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The Arsenal of Democracy
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Jeeps

From every corner of the globe, from every fighting ally-in-arms, the cry went up: "Send us more Jeeps."

A. Wade Wells, Hail to the Jeep

The WWII Jeep occupies the center floor of the Arsenal of Democracy gallery.Light, functional and only 11 feet long, Jeeps* were the stuff of wartime lore. Michigan's Ford Motor Company and Ohio's Willys-Overland Company made more than 600,000 during the war, including this 1942 model in the Arsenal of Democracy gallery.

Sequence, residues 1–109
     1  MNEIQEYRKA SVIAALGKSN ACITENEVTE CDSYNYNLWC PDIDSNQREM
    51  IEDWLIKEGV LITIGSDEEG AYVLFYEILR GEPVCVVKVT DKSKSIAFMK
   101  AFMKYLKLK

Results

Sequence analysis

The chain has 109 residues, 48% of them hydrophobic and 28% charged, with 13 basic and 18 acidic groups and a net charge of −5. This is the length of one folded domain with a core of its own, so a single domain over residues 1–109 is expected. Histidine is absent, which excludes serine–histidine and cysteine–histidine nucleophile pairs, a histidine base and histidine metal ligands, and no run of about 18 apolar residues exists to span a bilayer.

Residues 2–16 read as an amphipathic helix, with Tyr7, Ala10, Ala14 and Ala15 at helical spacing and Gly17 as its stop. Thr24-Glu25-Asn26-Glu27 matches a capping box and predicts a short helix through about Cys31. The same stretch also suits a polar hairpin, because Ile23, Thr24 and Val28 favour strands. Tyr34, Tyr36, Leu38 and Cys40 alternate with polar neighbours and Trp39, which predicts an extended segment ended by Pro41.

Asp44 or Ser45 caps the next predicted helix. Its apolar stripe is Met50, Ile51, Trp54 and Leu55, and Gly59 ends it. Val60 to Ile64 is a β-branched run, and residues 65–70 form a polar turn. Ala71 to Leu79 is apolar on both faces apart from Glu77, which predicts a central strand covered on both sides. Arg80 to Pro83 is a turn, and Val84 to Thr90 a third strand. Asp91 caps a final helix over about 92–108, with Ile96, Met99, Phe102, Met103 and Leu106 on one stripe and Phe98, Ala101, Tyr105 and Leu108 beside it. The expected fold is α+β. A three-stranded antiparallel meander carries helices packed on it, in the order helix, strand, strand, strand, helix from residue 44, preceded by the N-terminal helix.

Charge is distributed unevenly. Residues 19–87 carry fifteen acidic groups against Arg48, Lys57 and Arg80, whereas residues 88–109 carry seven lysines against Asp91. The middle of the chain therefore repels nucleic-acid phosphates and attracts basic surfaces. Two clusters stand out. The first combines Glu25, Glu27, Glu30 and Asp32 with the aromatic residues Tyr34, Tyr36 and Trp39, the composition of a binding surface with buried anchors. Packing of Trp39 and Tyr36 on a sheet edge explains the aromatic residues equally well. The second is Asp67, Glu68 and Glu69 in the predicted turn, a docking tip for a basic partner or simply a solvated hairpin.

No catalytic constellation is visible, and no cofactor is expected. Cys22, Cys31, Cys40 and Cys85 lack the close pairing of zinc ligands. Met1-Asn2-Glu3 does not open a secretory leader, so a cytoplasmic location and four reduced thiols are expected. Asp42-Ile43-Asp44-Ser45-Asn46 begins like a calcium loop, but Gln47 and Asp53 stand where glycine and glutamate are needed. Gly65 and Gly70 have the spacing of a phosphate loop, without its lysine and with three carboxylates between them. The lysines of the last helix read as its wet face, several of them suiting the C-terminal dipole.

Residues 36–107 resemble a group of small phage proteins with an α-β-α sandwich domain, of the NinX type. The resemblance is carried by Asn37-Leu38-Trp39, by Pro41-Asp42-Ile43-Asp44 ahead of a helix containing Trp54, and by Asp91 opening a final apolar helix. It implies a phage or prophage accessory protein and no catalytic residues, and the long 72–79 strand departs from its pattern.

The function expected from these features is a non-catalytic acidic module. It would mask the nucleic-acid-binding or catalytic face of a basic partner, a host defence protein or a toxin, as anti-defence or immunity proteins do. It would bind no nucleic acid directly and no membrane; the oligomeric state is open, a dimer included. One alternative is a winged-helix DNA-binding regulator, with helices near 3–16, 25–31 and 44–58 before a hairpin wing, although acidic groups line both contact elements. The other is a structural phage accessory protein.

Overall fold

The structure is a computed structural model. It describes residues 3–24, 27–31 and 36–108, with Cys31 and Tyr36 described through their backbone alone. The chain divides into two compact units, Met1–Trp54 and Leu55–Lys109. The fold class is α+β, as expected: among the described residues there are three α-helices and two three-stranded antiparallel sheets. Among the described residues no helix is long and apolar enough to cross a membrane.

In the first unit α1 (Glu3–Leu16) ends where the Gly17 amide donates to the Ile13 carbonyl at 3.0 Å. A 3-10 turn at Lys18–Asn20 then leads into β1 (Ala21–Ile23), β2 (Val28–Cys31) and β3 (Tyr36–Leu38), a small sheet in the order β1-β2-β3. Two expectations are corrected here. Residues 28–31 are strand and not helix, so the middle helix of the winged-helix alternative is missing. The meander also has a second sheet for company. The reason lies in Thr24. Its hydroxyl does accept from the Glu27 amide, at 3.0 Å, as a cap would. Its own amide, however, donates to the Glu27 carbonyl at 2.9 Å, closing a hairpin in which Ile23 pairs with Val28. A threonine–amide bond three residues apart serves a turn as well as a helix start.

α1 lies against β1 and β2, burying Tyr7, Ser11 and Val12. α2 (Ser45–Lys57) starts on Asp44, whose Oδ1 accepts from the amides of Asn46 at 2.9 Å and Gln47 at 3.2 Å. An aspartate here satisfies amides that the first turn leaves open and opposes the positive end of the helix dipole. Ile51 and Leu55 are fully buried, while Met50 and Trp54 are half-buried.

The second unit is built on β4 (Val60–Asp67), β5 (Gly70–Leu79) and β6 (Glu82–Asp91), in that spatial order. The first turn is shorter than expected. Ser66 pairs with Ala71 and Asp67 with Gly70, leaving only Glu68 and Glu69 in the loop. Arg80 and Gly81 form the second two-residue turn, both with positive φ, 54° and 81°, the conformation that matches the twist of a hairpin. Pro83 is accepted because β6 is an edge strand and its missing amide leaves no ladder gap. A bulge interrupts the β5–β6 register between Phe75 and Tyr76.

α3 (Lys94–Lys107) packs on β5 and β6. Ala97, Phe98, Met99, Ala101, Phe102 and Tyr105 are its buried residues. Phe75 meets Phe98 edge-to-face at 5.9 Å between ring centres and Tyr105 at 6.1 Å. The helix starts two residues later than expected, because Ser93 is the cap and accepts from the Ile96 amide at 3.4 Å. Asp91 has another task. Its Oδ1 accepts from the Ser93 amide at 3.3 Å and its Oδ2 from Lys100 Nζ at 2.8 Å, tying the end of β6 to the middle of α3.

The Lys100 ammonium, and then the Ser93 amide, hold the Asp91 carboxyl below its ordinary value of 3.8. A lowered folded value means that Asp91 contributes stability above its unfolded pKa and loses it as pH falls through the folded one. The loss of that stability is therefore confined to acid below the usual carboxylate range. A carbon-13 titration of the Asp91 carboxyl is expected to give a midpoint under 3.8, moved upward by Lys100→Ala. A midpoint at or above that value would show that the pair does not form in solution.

Costing $900 each, these powerful 4-wheel-drive vehicles did almost anything and went almost everywhere—road or no road. Soldiers coined the name Jeep possibly from the cartoon character Eugene the Jeep or from the Ford name "Model GP," meaning general purpose.

Jeeps, with their bone-shaking simplicity and versatility, had much in common with the Model T. Some were specifically outfitted to be used in water or to be dropped by parachute. Many were camouflaged for jungle, forest or winter terrain. Others were used as tow trucks, altars, card tables and ambulances.

*Jeep is currently a registered trademark of Daimler-Chrysler.


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